Wigwam Villages in the United States

Wigwam Villages & Motels on Route 66

Frank A. Redford developed the Wigwam Village concept after adding tipi-shaped motel units around a museum-shop he had built to house his collection of Native American artifacts.

Wigwam Village #1 was built in 1933 by Mr. Redford, and was located on the corner of US-31E and Hwy 218 in Horse Cave, Kentucky.

Wigwam Village #2 is located on U.S. Route 31W in Cave City, Kentucky, close to Mammoth Cave National Park and a few miles south of the original Wigwam Village #1. The address is 601 North Dixie Hwy, Cave City, Kentucky. It consists of 15 wigwams used as guest rooms that are arranged in a semicircle. In the center is a much bigger concrete and steel central structure that originally served as a restaurant, plus a common area with playground, recreation space, and pavilion. The Village remains open today.

For more information, visit the website of Wigwam Village Inn #2

A total of seven Wigwam Villages were constructed between 1936 and the 1950s. After Wigwam Village #2 was completed in 1937 in Cave City, five more were built over time:

  • #3 - New Orleans, Louisiana - Built in 1940 on U.S. Highway 61 in suburban Metairie. Closed in 1954.
  • #4 - Orlando, Florida - Built in 1948 at 700 S. Orange Blossom Trail, and featured 27 tipis. It was razed in 1974.
  • #5 - Bessemer, Alabama - Located north of downtown on U.S. Highway 11. It featured 15 tipis. Closed in 1964.
  • #6 - Holbrook, Arizona
  • #7 - Rialto / San Bernardino, California
Village #1
Horse Cave, KY
Wigwam Village #1, Horse Cave, Kentucky
Village #2
Cave City, KY
Wigwam Village #2, Cave City, Kentucky
Village #4
Orlando, FL
Wigwam Village #4, Orlando, Florida


Wigwam Village #6

Located at 811 West Hopi Drive in Holbrook, Arizona is one of the three remaining Wigwam Villages.

The Wigwam Motel in Holbrook, Arizona, at night, with Mr. Lewis' Studebaker

While passing through Cave City, Kentucky in 1938, Chester E. Lewis was impressed by the distinctive design of the original Wigwam Village constructed in 1937 by architect Frank Redford. Mr. Lewis purchased copies of the plans and the right to use the Wigwam Village name.

Finished in 1950, Mr. Lewis’ village in Holbrook was the sixth village built, thus its designation as Wigwam Village #6.

Fifteen concrete and steel freestanding teepees are arranged in a semi-circle around the main office. The motel office and its surrounding small buildings were the quarters of the owners. Each teepee is 21 feet wide at the base and 28 feet high, and are painted white with a red zigzag above the doorway. In front of the main office were gas pumps that are no longer in place.

While there were a total of 15 units, Mr. Lewis felt that the number "13" was superstitious, so there is no teepee #13, and the last unit is numbered 16.

Mr. Lewis successfully operated the motel until Interstate 40 bypassed downtown Holbrook in the late 1970s. He sold the business, and it remained open, but only to sell gas. Two years after Mr. Lewis’ death, his wife and grown children re-purchased the property and reopened the motel in 1988. They removed the gas pumps and converted part of the main office into a museum, which is open to the public. The museum holds Mr. Lewis’ own collection of Indian artifacts, Civil War memorabilia, Route 66 collectibles, and a petrified wood collection. Wigwam Village Motel #6 was listed in the National Register of Historic Places in 2002.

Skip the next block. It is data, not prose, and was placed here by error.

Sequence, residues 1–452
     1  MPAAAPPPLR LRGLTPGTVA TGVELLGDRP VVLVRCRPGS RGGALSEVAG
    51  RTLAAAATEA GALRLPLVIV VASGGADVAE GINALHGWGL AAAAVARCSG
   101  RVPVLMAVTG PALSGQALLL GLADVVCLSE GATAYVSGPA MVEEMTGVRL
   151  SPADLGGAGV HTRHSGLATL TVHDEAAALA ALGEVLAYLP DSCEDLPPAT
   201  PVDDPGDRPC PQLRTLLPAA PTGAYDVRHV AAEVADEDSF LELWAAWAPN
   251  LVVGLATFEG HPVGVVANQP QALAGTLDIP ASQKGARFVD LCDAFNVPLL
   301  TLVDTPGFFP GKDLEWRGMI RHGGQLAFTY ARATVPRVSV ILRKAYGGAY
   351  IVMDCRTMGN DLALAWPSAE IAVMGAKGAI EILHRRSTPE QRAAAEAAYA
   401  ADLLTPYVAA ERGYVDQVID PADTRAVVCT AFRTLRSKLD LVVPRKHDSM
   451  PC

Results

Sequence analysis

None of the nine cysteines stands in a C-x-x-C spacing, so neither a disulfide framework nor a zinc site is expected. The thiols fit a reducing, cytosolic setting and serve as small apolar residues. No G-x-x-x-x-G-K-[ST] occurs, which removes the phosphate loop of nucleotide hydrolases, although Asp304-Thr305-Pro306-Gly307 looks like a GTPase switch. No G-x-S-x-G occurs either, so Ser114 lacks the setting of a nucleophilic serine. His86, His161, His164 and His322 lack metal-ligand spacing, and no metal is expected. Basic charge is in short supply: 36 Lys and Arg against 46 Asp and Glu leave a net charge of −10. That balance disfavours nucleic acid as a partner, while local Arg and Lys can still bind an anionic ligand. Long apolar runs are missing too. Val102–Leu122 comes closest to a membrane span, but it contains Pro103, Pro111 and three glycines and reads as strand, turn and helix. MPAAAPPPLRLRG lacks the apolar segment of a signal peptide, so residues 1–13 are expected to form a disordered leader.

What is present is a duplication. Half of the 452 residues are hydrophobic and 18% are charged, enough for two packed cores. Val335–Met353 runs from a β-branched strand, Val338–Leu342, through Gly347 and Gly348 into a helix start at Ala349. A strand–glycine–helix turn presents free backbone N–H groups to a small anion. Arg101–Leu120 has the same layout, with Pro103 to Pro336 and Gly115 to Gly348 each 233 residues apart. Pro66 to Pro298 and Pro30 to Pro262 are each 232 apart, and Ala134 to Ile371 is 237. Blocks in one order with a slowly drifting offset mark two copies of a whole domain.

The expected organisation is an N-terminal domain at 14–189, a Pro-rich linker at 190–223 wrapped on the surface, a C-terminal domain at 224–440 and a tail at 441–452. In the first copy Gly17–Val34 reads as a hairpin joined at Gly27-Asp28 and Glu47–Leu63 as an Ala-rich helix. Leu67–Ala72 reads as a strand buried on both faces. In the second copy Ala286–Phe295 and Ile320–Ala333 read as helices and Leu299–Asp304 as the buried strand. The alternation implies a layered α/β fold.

Today, each teepee has a private bathroom with toilet and shower, a television, air conditioner and original hand-made hickory furniture. Vintage automobiles are permanently parked throughout the property, including a Studebaker that belonged to Mr. Lewis. It continues to be operated by the Lewis family, and you can "sleep in a wigwam".

Official Wigwam Motel website or phone 928.524.3048

Read more about the history of Wigwam Village at the National Park Service (NPS)

Vintage view of the Wigwam Village No. 6, 800 W. Hopi Drive, on U.S. 66, Holbrook, Arizona ... Phone 310
Vintage view of the Wigwam Village No. 6, 800 Hopi Drive on U.S. 66, Holbrook, Arizona

Present day views of the Wigwam Motel in Holbrook, Arizona
"Have You Slept in a Wigwam Lately?"

Wigwam Motel in Holbrook, Arizona Wigwam Motel in Holbrook, Arizona
The old Hudson called named "Doc" at the Wigwam Motel in Holbrook, Arizona Wigwam Motel in Holbrook, Arizona ... Have you slept in a Wigwam lately?
Wigwam Motel in Holbrook, Arizona ... sign to Mr. Paul Lewis announcing the listing on the National Register of Historic Places in 2002 Classic Pontiac parked at the Wigwam Motel in Holbrook, Arizona

Wigwam Motel #7

Driving down Route 66, this San Bernardino motel immediately grabs your attention with its one-of-a-kind roadside architecture.

In 1933 Frank Redford started developing the Wigwam “Villages” by designing teepee (tipi) shaped motel units. This was the last of seven Wigwam Motels built across the country; only three survive today. The others are located in Holbrook AZ and Cave City KY.

This one was opened in 1949, and remains open today at 2728 E. Foothill Boulevard, and welcomes travelers to "sleep in a teepee".

This motels remains a unique and whimsical accommodation option with modern tee-pee guest rooms and first-class amenities. The property features free WiFi, a free parking, tea and coffee in the lobby, a refreshing outdoor pool, an around-the-clock front desk, non-smoking rooms, pet-friendly rooms, daily housekeeping and an on-site gift shop.

Website of the Wigwam Motel or phone 909.875.3005

WigWam Motel in San Bernardino, California, since 1949 ... welcome travelers ... sleep in a teepee!

Entrance area to the WigWam Motel in San Bernardino, California The old panel truck at the WigWam Motel in San Bernardino, California

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